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Flamingos would be nothing without their feathers, an always seen but often overlooked part of what makes this bird tick. A flamingo’s feathers are integral to what it does and how it operates on a daily basis, so we’re diving into some cold, hard facts about the feathers that coat the fabulous fowl!
7 Fascinating Flamingo Feather Facts
Diet Makes Flamingo Feathers Pink
Flamingos are not naturally pink, and neither are their feathers. The pink hue that is so famously associated with flamingos happens because of the food the bird consumes. A standard flamingo diet is rich in organisms that are loaded with beta carotene, which is the same pigment that turns tomatoes red and carrots orange.
If a flamingo were to not eat the shrimp, algae, plankton, and other tasty morsels it typically dines upon, its feathers would lose their shade and drift back to the white and gray color flamingo chicks are born with. Flamingo feathers are only pink because of the food they eat, not because it’s their natural color.
Flamingo’s Get Their Name From Their Pink Feathers
The word “flamingo” is derived from the Spanish and Latin word, “flamenco,” which means fire. Flamingos are mostly pink, but some have more red in them than others, and some can sport a rather fiery red. Those select few whose feathers remind viewers of a classic sports car are the reason for the animal’s namesake.
Photo by BryanNaturePhotography/Shutterstock.com
Flamingo Flight Feathers Grow In About 11 Weeks
Flamingos can fly, but not fresh out of the egg. It takes about 11 weeks for a flamingo chick to grow its flight feathers, and only then can it begin to learn how to take off.
Flamingos Have Black Feathers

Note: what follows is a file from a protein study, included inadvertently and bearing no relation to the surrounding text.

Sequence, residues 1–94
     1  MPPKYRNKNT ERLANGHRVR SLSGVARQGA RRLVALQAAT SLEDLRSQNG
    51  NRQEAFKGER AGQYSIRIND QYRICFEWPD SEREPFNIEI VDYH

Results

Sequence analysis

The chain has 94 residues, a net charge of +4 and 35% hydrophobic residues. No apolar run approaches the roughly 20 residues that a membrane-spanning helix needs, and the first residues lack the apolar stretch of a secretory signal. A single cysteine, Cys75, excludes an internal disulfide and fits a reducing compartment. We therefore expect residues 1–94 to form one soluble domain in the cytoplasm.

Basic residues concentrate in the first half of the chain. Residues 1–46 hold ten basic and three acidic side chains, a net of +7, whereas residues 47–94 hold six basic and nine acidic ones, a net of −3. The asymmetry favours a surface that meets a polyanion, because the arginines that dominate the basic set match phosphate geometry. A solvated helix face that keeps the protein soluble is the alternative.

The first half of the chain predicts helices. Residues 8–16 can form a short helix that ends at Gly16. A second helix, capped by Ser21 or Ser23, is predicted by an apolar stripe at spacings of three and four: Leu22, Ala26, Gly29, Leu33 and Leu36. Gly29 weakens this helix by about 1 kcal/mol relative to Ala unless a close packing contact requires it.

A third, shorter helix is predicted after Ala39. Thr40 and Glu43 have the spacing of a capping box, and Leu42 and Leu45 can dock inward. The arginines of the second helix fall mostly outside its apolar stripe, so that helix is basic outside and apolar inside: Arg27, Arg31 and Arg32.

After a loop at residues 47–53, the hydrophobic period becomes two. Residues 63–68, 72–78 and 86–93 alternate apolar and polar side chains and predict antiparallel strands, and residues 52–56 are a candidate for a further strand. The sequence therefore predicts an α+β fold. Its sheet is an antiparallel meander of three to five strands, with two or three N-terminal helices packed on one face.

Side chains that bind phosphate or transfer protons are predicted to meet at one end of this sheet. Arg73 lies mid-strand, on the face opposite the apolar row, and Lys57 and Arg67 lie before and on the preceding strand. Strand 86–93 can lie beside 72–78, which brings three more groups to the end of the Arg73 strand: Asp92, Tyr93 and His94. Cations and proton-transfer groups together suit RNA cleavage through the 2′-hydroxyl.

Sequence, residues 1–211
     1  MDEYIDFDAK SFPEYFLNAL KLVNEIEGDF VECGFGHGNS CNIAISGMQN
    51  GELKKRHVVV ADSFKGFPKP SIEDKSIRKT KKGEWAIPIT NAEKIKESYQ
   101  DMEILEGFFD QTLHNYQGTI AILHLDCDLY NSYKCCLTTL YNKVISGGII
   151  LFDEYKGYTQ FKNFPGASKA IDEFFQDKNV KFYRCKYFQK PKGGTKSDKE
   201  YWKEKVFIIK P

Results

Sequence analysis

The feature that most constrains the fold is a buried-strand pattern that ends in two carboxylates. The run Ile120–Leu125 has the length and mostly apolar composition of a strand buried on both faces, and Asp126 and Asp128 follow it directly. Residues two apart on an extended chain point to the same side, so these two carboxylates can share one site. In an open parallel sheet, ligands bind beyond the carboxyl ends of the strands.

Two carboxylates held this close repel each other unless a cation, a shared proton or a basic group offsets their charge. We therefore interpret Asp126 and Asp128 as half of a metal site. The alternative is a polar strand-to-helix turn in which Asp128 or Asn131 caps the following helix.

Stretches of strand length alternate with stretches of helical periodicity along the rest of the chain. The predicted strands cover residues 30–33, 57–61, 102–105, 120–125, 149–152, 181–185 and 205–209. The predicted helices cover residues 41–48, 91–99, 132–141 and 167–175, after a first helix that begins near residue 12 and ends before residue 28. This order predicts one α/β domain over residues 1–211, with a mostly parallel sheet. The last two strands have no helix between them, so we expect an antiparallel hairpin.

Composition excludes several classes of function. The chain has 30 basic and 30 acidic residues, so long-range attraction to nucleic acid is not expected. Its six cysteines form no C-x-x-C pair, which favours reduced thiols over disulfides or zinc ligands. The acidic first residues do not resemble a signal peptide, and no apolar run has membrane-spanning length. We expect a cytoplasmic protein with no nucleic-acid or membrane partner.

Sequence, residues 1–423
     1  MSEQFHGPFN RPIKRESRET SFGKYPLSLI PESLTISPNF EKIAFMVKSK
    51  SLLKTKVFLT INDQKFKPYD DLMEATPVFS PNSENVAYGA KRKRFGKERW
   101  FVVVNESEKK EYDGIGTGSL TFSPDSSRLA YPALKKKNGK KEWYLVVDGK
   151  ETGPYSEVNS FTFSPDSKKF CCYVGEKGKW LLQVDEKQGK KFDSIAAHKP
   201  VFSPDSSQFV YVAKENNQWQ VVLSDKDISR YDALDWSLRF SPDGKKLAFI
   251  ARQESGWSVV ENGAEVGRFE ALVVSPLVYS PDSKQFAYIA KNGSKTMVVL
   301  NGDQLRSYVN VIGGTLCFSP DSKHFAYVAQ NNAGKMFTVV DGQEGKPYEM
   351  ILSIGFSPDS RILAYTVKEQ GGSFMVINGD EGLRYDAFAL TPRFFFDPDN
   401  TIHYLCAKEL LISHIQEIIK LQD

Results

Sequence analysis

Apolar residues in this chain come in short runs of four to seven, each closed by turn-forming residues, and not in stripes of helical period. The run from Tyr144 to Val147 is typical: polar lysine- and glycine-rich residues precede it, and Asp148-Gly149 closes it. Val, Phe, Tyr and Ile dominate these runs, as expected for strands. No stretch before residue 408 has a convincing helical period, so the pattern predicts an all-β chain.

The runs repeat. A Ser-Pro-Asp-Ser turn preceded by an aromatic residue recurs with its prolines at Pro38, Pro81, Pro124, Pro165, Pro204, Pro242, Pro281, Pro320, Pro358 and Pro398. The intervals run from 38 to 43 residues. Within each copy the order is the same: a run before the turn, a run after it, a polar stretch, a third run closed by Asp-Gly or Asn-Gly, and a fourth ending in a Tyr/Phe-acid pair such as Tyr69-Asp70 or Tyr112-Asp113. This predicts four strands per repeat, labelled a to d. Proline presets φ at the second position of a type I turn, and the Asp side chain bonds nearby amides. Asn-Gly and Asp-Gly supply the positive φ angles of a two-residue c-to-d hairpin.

That’s right - flamingo feathers aren’t all pink. All flamingos have black flight feathers, though they’re often hidden on the underside of their wings and not easy to spot, especially if the bird isn’t flying through the air. Not all flamingos are the exact same shade of pink, but they all have black flight feathers.
Flamingos Shed Their Feathers
Flamingos don’t keep the same feathers forever. They generally molt their flight feathers over time, keeping enough to maintain the ability to fly while still refreshing their plumage. If a flamingo sheds all of its flight feathers at once, which is more likely to occur in captivity, then it’ll be a few weeks before the bird can reach altitudes again.
Their flight feathers are their key to flying. Without them, flamingos are confined to the land and sea.
Photo by Bob.in/Shutterstock.com
We Don’t Know How Flamingo Feathers Stay Pink
We know that blood doesn’t flow into flamingo feathers once they have finished growing, which makes it slightly confusing how the bird’s diet dyes its feathers so drastically. But it quite clearly does happen, and when a flamingo molts a colorful feather, it loses its color after no longer being attached to its original owner. Somehow, the pigmentation is getting into the feathers, but we’re not yet exactly sure how.
Don Featherstone Is the Man Behind The Lawn Flamingo
Is this fact about literal flamingo feathers? I am mature enough to admit that it is not.
HOWEVER, pretty neat that the guy behind the plastic pink lawn flamingo had “feather” in his name. Don Featherstone is a big reason why flamingos gained major cultural recognition and relevance in the United States, and I think that’s worthy of being a flamingo feather fact, even if it isn’t.
Don Featherstone, creator of the plastic pink flamingo pic.twitter.com/2HT2YTpHB7— ꧁꧂𝐖𝐚𝐡𝐝𝐚𝐝𝐝𝐢𝐧 𝐓𝐫𝐨𝐭𝐩𝐨𝐬𝐭𝐢𝐧’࿆۞ (@Reach4ACopsGun) April 29, 2021